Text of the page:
So there's this little blurb going around on Facebook in which the BBC has listed 100 books written over the last 200 years or so and asked people how many they and their friends have read. The books are diverse and include everything from Jane Austen to J D Salinger to Harry Potter.
Obviously the BBC thinks this list is important in some way or that people who have read some of these books are educated or well-informed. There is a note informing us that most people would have read only 6 out of those 100 books. Perhaps this is startling.
But what is startling by orders of magnitude is that this list of 100 books does not include a single scientific work. Now of course people would not be expected to have read The Principia. But what about Darwin's "The Origin of Species"? Or, looking at something more modern and still pivotal, Thomas Kuhn's "The Structure of Scientific Revolutions"? These volumes are comparable to many of the books listed by the BBC, certainly in terms of comprehension, and also almost certainly in terms of importance.
Most prominently, what about C P Snow's "The Two Cultures" which lamented the rift between science and the humanities? You want to see a classic example of this rift? WItness the BBC list! Snow would have nodded his head vigorously, especially and most ironically because the exclusion of his own volume from the list makes his point resoundingly clear.
So, dear BBC, if I were to draw up my own short and admittedly limited list of scientific works that surely deserve as much of a place in the "educated" man's mind as the august books you present, I would cite the following. I haven't read all of these works; but with all I have a passing familiarity and some I have read more seriously. Let's even forget Newton's "Principia" for now and focus on the last 200 years as the BBC mostly has, and even just on the 20th century. Of course some of the following are more important than others; some are popular treatments while others are defining and fundamental volumes for their respective fields. But one can still come up with a highly readable list, which in my opinion would enrich the mind of any human being.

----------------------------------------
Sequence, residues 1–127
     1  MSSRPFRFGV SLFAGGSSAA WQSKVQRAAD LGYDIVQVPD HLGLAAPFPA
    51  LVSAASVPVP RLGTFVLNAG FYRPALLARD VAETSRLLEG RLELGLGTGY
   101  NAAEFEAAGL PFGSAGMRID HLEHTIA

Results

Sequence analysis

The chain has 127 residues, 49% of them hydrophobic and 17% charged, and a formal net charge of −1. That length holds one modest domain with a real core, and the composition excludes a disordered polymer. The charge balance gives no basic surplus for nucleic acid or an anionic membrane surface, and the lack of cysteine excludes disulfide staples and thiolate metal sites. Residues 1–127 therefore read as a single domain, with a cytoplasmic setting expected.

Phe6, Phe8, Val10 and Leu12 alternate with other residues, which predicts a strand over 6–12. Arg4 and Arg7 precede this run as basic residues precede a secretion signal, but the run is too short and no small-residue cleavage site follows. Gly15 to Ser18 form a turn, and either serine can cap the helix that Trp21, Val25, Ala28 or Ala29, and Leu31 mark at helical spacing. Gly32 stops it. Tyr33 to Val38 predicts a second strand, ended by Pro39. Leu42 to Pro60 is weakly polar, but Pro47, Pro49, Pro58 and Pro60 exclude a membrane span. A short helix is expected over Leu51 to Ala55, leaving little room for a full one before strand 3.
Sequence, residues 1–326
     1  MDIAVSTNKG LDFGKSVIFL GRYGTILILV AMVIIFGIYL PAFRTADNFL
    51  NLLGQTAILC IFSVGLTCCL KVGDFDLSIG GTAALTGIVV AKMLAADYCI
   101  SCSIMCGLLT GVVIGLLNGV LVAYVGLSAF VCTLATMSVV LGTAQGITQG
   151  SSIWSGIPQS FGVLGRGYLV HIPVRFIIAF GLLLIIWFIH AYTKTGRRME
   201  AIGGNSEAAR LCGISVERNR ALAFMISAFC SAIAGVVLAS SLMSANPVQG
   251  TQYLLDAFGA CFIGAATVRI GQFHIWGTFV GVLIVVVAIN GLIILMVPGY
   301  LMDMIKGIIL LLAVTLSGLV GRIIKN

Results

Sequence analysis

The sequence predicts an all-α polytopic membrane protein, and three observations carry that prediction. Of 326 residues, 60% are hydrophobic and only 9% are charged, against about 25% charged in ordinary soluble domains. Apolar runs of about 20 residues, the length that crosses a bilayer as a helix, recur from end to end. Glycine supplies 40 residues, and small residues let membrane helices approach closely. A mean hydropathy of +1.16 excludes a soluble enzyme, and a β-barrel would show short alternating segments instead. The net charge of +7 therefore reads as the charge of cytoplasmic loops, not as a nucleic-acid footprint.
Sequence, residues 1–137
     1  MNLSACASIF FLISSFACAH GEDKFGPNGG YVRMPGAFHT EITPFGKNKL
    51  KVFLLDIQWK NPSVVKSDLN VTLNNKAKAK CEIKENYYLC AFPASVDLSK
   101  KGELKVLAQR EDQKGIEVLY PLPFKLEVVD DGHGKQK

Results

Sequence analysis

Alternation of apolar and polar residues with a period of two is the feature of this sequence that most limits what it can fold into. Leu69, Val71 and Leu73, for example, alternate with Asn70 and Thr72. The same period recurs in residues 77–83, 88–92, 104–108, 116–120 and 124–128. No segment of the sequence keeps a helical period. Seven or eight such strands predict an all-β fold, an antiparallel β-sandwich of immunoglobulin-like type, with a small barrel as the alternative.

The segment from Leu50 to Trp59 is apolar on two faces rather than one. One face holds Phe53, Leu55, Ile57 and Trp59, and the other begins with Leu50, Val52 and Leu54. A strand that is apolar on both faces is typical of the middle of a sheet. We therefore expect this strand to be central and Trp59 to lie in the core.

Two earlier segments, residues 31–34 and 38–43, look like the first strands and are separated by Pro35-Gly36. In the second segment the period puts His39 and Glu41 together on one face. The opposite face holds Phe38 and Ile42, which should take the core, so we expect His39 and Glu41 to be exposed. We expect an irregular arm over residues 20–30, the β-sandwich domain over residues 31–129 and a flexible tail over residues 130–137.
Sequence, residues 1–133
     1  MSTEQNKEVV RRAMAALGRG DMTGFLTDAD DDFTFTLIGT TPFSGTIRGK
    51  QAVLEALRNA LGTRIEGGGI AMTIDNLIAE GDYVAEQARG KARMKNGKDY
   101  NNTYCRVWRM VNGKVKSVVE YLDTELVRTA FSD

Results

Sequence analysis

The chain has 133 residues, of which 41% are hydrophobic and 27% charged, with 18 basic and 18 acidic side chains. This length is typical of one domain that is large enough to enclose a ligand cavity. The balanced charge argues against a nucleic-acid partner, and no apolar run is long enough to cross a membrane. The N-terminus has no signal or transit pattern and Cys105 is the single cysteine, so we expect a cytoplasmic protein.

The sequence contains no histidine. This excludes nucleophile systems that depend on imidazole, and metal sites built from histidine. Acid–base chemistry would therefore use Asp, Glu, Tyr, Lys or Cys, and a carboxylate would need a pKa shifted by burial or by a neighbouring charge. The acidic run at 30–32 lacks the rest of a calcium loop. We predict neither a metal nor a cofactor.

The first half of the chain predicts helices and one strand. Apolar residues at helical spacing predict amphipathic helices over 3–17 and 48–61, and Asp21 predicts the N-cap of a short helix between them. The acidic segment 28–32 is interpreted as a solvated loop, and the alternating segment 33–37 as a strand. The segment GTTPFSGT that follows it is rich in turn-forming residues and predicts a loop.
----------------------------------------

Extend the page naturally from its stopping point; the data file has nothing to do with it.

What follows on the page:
1. The Origin of Species- Charles Darwin
2. The Structure of Scientific Revolutions- Thomas Kuhn
3. The Logic of Scientific Discovery- Karl Popper
4. Silent Spring- Rachel Carson
5. Science and the Common Understanding- J. Robert Oppenheimer
6. Principia Mathematica- Bertrand Russell and Alfred North Whitehead
7. Physics and Philosophy- Werner Heisenberg
8. Flatland: A Romance of Many Dimensions- Edwin Abbott
9. On Growth and Form- D'Arcy Thompson
10. What is Life?- Erwin Schrodinger
11. Men of Mathematics- E T Bell
12. Microbe Hunters- Paul De Kruif
13. The Mismeasure of Man- Stephen Jay Gould
14. The Selfish Gene- Richard Dawkins
15. Sociobiology- E O Wilson
16. Mr. Tompkins- George Gamow
17. The Double Helix- James Watson
18. The Nature of the Chemical Bond- Linus Pauling
19. Chaos- James Gleick
20. Advice to a Young Scientist- Peter Medawar
21. The Two Cultures- C P Snow
Consider the diverse and varying importance of these works. Kuhn and Popper are defining volumes in the philosophy of science. Darwin needs no explanation. Schrodinger inspired a generation of physicists like Francis Crick to change fields and initiate a revolution in biology. E O Wilson's book started a fierce chapter in the "nature vs nurture" debate whose ramifications can still be felt. In one fell swoop Gould demolished the foundations of scientific racism and eugenics. Pauling's book is one of the most important scientific works of all time and redefined chemistry. D'Arcy Thompson's beautiful volume established the mathematical foundations of developmental biology. Bell and De Kruif both inspired dozens of famous scientists like Andrew Weil and John Nash who went on to do groundbreaking work and win Fields and Nobel medals. Russell's book was a landmark event designed to provide a foundation for all of mathematics. Watson's book is considered the archetype of how real science is done, warts and all. Carson became the godmother of the modern environmental movement. On a more limited but important level, Gleick, Gamow and Dawkins made chaos theory, quantum physics and selfish genes comprehensible to the layman. And Medawar, Oppenheimer and Snow wrote deeply thoughtful volumes on the relationship between science, society and culture.
Now I suppose it would not be too presumptuous to ask the question; how many of these have the BBC list-makers read?
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